Congo''s army used combat helicopters to bombard rebel fighters on Monday near the city of Goma in the first clashes in nearly six months, days before U.N. Secretary-General Ban Ki-moon was due to visit the troubled eastern borderlands.
KINSHASA - Congo's army used combat helicopters to bombard rebel fighters on Monday near the city of Goma in the first clashes in nearly six months, days before U.N. Secretary-General Ban Ki-moon was due to visit the troubled eastern borderlands.
Fighting began in the early morning after the Tutsi-dominated M23 rebels attacked government positions around 10 km (6 miles) north of eastern Democratic Republic of Congo's largest city, a military spokesman told Reuters.
The M23 seized and briefly held Goma last November despite the presence of thousands of U.N. soldiers.
"The helicopters were deployed to support the army positions. The operation has finished now," Colonel Olivier Hamuli said, adding the army had called in reinforcements and used heavy weapons. "We must protect the town of Goma at all costs."
Government spokesman Lambert Mende accused the M23 of trying to disrupt the deployment of a 3,000-strong U.N. Intervention Brigade charged with neutralising armed groups in the mineral-rich region.
The first Tanzanian troops have already begun deploying in the east.
"The M23 tried to cut the road between where the brigade will be based and Goma. They want to discourage the deployment of the brigade but they have no chance: the army will respond blow for blow," Mende told Reuters.
M23 spokesman Amani Kabasha said that the rebel group had initially responded to an attack by the FDLR, a Rwandan Hutu militia based in Congo's volatile east. It had then come under attack from government artillery.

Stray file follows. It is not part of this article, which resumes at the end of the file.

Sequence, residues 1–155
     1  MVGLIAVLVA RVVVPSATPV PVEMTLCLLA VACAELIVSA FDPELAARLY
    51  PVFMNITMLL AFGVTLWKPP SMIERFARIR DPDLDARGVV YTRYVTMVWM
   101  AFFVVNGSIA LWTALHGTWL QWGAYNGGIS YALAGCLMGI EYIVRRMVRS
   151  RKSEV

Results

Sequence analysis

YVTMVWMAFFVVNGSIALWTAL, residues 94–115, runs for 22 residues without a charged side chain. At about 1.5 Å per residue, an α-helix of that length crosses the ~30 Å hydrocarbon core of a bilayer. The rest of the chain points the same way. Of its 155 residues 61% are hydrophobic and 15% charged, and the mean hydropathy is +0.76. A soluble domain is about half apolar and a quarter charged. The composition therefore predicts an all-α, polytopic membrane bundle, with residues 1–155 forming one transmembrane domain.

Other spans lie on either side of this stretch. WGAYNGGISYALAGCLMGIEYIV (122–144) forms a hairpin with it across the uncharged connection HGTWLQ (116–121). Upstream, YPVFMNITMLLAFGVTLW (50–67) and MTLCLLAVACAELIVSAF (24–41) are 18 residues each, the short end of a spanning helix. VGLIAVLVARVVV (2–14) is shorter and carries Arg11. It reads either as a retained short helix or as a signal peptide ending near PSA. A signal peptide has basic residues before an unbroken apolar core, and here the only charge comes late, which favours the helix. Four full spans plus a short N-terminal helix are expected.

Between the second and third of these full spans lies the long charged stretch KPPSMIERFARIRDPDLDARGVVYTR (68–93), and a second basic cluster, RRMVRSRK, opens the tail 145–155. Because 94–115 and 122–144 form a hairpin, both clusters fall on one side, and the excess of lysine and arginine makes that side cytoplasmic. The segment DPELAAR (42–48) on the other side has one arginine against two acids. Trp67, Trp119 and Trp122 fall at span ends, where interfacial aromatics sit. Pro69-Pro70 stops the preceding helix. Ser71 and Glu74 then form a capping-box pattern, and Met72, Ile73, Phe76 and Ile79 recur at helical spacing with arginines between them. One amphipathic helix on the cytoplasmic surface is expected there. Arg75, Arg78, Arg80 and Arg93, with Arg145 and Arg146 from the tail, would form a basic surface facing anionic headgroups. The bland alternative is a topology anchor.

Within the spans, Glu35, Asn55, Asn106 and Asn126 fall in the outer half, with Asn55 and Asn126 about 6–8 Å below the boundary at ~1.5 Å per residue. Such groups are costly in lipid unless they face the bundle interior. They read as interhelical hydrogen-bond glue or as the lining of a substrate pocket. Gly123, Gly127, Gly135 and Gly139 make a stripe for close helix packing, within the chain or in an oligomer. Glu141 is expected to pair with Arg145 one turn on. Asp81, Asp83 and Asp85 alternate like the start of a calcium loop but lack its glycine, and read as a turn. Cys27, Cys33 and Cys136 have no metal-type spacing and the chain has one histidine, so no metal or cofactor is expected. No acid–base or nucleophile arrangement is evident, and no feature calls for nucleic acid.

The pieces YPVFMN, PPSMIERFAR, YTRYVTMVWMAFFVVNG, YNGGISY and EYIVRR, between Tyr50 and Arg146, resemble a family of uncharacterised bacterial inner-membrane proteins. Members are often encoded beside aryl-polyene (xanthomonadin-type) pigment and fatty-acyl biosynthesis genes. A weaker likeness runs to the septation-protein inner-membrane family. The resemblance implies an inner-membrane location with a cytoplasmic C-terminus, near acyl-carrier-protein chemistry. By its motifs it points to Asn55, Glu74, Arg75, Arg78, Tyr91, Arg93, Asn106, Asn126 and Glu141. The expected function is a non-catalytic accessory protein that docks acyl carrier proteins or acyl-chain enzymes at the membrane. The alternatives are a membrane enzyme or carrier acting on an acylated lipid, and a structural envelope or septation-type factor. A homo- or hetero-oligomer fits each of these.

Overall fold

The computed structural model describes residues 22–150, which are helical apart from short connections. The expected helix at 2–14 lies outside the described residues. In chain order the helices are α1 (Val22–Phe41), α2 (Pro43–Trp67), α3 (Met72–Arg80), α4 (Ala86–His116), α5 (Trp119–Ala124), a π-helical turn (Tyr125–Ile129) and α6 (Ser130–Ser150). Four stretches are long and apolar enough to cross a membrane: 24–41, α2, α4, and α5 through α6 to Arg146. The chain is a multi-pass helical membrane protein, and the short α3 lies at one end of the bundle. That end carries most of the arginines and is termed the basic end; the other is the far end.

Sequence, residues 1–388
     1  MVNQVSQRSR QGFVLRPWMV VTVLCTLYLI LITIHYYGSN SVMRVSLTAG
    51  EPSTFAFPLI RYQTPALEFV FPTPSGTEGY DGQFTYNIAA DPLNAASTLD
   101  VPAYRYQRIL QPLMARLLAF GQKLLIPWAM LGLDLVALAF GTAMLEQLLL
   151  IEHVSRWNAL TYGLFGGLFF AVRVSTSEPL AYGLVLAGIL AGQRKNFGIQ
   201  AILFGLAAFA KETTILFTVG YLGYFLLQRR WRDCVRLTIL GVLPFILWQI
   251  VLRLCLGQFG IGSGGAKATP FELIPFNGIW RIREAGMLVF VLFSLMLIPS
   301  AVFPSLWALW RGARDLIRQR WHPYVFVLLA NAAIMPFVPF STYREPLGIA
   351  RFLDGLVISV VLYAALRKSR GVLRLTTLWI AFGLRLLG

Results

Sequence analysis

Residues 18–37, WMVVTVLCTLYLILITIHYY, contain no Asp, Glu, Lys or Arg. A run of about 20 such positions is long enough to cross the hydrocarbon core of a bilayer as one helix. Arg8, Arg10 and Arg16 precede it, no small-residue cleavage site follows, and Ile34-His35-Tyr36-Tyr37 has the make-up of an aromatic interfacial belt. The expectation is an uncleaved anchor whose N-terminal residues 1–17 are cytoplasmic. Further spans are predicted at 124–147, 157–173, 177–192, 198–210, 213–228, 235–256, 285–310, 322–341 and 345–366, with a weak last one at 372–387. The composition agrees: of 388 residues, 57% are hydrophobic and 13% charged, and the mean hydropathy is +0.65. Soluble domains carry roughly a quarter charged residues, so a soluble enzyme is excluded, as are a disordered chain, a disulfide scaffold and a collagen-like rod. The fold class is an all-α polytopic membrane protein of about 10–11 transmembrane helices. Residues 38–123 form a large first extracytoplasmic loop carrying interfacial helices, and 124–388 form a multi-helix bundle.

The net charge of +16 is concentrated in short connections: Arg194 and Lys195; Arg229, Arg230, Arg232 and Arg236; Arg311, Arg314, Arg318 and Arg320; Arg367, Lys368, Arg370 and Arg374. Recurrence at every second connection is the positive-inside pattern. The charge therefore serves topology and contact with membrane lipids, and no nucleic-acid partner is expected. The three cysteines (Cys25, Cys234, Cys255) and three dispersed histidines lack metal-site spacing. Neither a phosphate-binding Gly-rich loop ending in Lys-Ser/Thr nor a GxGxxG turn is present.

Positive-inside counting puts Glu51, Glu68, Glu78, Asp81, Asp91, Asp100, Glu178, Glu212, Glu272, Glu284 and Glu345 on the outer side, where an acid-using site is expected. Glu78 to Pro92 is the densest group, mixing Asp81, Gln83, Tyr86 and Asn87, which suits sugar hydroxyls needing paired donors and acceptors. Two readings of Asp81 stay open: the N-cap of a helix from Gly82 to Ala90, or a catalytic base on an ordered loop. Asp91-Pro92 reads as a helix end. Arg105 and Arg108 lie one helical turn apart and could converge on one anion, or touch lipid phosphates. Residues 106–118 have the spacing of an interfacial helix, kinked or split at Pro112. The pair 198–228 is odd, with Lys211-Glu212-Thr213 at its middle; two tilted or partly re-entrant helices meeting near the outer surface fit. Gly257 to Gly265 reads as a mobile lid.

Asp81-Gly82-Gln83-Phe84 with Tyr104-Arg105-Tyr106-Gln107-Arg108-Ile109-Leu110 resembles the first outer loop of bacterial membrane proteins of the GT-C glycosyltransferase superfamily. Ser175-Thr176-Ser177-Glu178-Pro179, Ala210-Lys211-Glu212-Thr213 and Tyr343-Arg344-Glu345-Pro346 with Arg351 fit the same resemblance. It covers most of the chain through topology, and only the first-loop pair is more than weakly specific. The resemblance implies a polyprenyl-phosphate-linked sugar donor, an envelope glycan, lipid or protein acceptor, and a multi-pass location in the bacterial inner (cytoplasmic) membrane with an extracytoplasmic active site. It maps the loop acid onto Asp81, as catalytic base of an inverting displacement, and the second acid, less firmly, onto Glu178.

"We are not responding to their shelling, but what we're hearing is not good, that (Congolese president Joseph) Kabila is sending reinforcements. He needs to calm down," Kabasha said.
No casualty figures from the clashes, which came after months of stalled peace negotiations, were immediately available.
Ban is due to arrive in Goma this week as part of a visit with the president of the World Bank, aiming to draw attention to the conflict in Congo, where millions have died during nearly two decades of violence.
The United Nations Stabilisation Mission in the Democratic Republic of Congo (MONUSCO) voiced concern about the clashes, which it said took place in the localities of Kibati and Rusayo, some 12 km from Goma.
"The mission is actively pursuing a diplomatic and political solution to contain and end the clashes," it said in a statement.
Congo''s army clashes with rebels near Goma